@beersiveknown Food and Beer Pairing of the Week (another Mark Dredge Creation)
A few months ago a group of bloggers were invited for an all expenses trip to the Brouwerij Van Steenberge in Belgium for the the UK relaunch of their beer. Badged as St Stefanus (@StStefanus) instead of Augustijn the artwork and bottle underwent a redesign. Upon their return they received a glass and two bottles of beer through the post, as did some other bloggers who didn't attend. A whole host of reviews left me salivating to try it; so I cheekily asked if they had any sample packs left. A few weeks later and I'm sat with the package on my coffee table.
|The bottle shows the|
expected flavour changes over time
As others have mentioned its well put together, a snazzy box replete with carboard holder for two bottles of beer and an attractive stemmed glass. Theres also some beer mats and a bit of the info behind the beer. The bottle as you can see is stylish, with info about how the flavour profile changes over time and a colourful cap. All the bottles are aged for three months before release, so my bottle dated november 2011 is 6months old on tasting. I'll keep the second for another six to see how it changes.
|Glorious golden beer with thick head|
and attractive glass.
The beer pours an attractive ever so slightly hazy blonde with half inch dense white head that lingers. Slightly dusty with banana esters on the nose it's highly carbonated and full of fruity yeast notes. Fairly sweet without being cloying as some can and a good robust body. It finishes with a spicy earthy bitterness.
Its a long lasting finish and a sipping beer, despite the alcohol being hidden. A very enjoyable beer, its reminded me that I need to get back to Belgian beers this year after a few years off. I'd be keen to try some of the rest of their range, especially if I can find them to drink at home.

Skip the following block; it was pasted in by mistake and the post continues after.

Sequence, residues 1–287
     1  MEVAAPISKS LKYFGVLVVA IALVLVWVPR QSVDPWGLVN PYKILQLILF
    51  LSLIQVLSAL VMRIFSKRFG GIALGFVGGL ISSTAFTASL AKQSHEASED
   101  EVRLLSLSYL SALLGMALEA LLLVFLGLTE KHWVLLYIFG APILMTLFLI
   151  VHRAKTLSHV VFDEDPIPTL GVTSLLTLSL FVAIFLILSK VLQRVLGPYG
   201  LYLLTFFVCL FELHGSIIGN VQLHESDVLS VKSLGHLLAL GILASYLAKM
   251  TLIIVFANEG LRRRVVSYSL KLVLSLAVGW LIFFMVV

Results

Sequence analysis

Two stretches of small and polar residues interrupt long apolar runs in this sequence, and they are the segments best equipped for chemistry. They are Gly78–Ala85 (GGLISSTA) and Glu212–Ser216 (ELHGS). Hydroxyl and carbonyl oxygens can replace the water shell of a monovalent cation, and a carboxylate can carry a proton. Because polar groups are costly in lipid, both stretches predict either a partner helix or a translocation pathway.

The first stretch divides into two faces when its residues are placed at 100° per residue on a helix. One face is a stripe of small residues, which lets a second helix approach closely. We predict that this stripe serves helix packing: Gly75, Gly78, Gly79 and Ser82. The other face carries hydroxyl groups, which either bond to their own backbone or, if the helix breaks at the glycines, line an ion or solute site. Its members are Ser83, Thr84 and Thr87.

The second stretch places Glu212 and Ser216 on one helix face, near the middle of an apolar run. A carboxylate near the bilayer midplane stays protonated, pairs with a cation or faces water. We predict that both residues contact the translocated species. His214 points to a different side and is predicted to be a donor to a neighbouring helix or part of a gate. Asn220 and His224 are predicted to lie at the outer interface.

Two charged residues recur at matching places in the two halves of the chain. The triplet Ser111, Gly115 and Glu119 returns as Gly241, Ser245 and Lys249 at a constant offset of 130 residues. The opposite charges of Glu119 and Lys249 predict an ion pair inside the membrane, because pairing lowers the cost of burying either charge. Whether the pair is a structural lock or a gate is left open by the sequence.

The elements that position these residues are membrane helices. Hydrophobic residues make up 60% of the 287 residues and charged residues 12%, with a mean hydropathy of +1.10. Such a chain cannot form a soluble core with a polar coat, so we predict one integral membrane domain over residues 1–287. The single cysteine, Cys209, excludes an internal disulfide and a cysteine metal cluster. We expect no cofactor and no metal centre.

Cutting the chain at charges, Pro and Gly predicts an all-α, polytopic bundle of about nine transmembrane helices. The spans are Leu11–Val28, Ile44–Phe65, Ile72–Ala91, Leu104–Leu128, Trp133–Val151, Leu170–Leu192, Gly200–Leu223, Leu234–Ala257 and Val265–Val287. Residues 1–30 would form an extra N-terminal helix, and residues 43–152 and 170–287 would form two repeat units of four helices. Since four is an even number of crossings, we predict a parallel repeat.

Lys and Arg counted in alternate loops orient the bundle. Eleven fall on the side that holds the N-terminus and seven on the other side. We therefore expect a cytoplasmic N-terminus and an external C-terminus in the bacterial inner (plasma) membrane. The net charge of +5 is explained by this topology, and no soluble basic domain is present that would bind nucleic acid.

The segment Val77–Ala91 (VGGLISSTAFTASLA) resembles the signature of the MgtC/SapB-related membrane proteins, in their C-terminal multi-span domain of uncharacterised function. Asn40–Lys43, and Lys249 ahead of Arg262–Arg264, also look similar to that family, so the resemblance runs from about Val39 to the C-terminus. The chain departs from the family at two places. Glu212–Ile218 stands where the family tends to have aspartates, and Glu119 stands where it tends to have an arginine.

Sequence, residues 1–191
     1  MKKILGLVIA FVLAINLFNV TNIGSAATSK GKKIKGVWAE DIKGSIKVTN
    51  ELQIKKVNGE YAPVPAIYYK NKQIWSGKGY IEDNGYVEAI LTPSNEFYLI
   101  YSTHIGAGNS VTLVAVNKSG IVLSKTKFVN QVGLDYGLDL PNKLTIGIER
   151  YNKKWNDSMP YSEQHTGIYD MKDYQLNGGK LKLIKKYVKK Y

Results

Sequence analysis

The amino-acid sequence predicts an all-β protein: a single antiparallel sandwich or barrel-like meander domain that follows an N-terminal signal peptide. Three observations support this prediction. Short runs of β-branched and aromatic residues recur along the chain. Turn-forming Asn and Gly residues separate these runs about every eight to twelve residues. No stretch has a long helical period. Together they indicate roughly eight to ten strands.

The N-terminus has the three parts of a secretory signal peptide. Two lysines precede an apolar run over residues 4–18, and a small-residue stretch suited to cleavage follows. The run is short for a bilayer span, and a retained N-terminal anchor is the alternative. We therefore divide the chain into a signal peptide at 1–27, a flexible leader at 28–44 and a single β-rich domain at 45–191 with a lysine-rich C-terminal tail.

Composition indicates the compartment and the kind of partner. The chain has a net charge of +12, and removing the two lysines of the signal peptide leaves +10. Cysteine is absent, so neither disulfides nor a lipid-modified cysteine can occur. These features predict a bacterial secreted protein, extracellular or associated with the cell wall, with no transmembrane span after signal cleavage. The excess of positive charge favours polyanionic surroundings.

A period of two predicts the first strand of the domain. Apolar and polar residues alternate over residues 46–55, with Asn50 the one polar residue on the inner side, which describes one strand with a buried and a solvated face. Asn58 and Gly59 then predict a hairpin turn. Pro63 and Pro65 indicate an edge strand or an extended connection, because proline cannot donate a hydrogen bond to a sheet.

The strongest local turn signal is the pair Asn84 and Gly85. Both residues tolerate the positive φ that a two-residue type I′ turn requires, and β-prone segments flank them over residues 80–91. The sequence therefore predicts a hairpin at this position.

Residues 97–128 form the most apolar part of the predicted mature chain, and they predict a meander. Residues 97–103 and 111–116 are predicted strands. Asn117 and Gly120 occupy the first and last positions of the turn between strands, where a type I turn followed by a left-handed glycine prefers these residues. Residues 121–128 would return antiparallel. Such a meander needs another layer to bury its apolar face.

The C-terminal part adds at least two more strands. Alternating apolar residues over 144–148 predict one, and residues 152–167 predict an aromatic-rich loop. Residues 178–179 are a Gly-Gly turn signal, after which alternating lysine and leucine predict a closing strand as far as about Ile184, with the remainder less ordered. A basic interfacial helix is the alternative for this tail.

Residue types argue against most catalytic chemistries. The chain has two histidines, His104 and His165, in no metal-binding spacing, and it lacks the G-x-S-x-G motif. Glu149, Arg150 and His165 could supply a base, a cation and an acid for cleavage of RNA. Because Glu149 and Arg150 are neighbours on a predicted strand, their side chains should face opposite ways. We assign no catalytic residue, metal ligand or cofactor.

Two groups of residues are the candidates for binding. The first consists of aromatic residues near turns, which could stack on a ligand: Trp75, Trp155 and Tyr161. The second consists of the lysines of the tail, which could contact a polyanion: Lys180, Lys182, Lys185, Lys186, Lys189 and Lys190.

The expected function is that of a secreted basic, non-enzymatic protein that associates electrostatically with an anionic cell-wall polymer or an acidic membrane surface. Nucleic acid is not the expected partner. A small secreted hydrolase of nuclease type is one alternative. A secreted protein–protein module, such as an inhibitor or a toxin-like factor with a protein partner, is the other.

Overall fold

|Beetroot soup with beer bread|
Its still cold so I was after a soup again. I had a great beetroot soup starter on cheese school so decided to try it out myself. The fact that I found some reduced fresh beetroot at the shops sealed the deal. I looked up a recipe online and added some English goats cheese instead of feta plus a good pinch of chilli flakes. (Caution: grating beetroot leads to purple hands!) Served with home made beer bread its great on its own but with the spicy fruitiness of the beer the sweet and earthy flavours of the beetroot and sweet oven-roasted tomatoes. Those sweet goaty flavours with a hint of pepper are really allowed to shine through too, the carbonation scrubbing the tongue to refresh the palate.
A glance at the ever-reliable Brewmaster's table suggests that I'm not the first to pair a Belgian with beetroto, though actually it appears wheat beers are a more common choice. I can certainly see that working with this dish too, as goats cheese and wheat beer (especially weiss) goes very nicely together too.
Other beers to try: Bristol beer Factory Weisse, Thornbridge Weisse Versa, Schneider Weisse, Duvel, Piraat.